All right. It's darn near June of the off year.
Over the past few weeks I've been writing like Grandma Moses painted: Sooooo very sweet.
Well, that's over. I don't have to write a sweet column again until Back to School on Labor day, so as Bette Davis (as Margo Channing) said in "All About Eve" in 1950:
"Fasten your seatbelts, it's going to be a bumpy night"
The IRS is going to be the death of the Obama Administration.
NOBODY LIKES THE IRS
I'm not saying all IRS employees are bad people, but neither are all meter maids bad people - we just don't like to see them sniffing around our stuff.
Actually the IRS is not Obama's biggest strategic problem.
James Rosen is.
If you haven't been following the story, the Obama Administration has been trying to stop leaks from Executive Branch employees to the press corps.
James Rosen is one of the most senior - and most respected - reporters at Fox News. Unlike some of the night time hosts on Fox, Rosen is seen as a seasoned journalist who could be working at any major news outlet in Washington.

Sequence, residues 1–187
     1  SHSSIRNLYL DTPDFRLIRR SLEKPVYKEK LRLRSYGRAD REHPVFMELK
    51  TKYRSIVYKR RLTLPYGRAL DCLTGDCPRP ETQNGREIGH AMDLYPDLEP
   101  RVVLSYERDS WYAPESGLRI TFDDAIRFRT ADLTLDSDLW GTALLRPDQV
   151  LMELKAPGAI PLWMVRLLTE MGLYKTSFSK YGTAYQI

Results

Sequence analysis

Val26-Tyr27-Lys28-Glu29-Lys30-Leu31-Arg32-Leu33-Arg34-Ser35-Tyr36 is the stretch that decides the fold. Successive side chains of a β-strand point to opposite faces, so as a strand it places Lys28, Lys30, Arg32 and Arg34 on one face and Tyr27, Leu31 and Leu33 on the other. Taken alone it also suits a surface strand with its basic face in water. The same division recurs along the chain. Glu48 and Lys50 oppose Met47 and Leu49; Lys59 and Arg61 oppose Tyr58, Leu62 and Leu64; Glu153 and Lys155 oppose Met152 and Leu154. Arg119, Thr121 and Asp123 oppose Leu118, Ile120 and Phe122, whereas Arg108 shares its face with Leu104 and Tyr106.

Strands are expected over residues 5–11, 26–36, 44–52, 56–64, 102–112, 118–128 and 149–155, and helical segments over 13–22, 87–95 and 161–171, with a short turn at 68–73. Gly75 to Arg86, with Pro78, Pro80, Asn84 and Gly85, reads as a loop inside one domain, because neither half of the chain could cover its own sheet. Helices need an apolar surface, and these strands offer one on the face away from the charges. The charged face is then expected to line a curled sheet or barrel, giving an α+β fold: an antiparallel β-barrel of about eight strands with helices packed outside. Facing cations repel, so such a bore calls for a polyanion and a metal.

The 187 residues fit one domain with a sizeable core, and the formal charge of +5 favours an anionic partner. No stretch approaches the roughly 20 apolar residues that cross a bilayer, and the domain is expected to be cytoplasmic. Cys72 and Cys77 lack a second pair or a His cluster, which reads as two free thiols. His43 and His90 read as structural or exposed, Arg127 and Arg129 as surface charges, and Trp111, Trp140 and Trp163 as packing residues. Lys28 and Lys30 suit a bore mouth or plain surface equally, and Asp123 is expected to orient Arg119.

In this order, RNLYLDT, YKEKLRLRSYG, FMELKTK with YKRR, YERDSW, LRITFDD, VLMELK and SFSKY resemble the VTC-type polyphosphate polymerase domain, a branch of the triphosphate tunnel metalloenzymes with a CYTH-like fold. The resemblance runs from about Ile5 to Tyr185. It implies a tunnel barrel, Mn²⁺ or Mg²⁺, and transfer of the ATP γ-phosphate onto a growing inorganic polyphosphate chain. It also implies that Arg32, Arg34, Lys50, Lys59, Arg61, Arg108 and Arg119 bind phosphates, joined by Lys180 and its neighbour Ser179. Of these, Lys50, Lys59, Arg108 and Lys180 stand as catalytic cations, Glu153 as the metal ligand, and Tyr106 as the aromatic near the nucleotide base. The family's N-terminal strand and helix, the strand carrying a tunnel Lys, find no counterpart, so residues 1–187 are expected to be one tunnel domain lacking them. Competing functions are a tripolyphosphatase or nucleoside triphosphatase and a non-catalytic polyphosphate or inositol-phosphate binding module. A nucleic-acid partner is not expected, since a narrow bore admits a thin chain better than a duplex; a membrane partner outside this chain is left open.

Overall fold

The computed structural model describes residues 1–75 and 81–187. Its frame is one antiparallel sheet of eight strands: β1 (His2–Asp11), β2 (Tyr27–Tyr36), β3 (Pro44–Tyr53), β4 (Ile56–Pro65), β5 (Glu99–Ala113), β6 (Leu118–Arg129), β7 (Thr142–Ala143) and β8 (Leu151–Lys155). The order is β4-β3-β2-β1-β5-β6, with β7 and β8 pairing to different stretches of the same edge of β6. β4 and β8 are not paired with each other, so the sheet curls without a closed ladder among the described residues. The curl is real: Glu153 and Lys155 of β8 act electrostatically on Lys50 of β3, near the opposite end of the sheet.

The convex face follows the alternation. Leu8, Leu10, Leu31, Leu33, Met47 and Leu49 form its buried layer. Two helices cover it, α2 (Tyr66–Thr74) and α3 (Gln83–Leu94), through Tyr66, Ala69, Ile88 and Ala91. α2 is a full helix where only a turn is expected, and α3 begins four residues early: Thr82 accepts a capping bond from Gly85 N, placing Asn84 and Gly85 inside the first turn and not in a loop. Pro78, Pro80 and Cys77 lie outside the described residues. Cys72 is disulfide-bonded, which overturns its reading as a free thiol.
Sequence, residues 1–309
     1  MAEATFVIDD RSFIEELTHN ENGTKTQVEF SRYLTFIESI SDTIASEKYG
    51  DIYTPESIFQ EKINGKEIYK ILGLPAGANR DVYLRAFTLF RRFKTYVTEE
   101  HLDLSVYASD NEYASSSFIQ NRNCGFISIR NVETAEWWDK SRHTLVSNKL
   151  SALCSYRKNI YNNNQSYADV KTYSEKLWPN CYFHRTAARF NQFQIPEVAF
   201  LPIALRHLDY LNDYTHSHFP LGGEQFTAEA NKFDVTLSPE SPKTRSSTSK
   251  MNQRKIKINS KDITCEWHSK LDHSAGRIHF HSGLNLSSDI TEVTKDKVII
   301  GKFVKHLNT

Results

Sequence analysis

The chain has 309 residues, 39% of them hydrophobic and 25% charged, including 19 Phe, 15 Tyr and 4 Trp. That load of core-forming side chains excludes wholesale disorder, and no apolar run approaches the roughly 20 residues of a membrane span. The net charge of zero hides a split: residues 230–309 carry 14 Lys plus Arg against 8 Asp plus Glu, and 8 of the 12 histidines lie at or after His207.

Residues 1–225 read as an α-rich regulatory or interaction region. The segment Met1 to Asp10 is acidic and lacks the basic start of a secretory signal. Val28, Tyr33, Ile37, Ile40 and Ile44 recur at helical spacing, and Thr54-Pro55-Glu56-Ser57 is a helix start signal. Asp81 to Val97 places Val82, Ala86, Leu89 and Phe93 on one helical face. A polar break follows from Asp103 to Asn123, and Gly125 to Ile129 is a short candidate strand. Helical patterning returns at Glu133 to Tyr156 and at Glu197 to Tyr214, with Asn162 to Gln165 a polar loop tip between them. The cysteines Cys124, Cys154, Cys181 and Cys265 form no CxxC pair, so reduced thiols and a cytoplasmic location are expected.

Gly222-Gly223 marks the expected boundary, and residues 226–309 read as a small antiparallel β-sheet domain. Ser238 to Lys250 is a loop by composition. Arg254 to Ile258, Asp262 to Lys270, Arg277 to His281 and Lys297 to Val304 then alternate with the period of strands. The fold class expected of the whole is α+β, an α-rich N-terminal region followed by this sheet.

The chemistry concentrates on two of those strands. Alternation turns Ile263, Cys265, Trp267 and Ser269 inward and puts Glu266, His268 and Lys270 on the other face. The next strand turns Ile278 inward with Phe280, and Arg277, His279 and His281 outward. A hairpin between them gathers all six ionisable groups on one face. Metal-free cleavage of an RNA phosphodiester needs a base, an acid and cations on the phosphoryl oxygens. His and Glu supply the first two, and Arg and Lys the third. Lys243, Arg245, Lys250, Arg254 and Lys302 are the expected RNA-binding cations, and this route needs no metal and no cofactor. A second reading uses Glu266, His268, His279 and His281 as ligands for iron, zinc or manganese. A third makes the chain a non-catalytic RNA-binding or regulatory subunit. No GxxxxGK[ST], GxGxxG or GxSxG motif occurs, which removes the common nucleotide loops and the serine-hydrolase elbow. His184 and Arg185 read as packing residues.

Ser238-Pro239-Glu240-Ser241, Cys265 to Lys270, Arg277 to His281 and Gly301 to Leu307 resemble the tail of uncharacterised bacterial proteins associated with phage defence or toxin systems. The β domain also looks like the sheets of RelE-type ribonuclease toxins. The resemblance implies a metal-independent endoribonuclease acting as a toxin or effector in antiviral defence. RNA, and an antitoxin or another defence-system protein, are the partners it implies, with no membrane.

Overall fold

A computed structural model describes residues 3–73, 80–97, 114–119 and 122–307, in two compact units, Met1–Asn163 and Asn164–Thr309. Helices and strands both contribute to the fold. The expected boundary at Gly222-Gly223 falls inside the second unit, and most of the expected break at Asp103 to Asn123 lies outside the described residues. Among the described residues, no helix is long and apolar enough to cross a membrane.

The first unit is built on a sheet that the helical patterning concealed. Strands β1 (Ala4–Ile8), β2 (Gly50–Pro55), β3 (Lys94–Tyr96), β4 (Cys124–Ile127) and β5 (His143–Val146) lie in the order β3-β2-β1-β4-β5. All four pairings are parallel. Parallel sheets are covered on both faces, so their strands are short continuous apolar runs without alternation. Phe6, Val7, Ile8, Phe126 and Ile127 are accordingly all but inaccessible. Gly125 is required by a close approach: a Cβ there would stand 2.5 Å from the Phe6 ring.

The Obama Administration decided that Rosen's reporting on North Korea was a national security issue and the Attorney General, Eric Holder, not only approved tapping into his email account(s), but also suggested that the investigation might have to go on for years.
The Department of Justice said that Rosen was "at the very least, either as an aider, abettor and/or co-conspirator" in the leaks about North Korea.
This is not new. Every administration - probably since Washington - has been trying to plug leaks to the press corps.
Henry Kissinger, in 1969 and 1970, allegedly authorized the FBI to employ wiretaps on 13 National Security Council Staff and at least four national reporters to find out who was leaking national security material to the press.
It is well documented that Richard Nixon didn't have the highest possible regard for the role and operating methods of the press corps.
That Barack Obama is being compared to Richard Nixon is ample evidence that his administration or, at a minimum, his legacy, is in big, big trouble.
So why is the Rosen case a bigger strategic problem than the IRS? Because if receiving information from an Executive Branch employee is a crime then, as one reporter said to me last week, "We are reduced to rewriting government press releases."
Because of the Rosen case, the Washington press corps - which contains some of Obama's most ardent defenders and supporters - is turning on him.
A week or so ago MSNBC's Chris Matthews said on the air that Obama,
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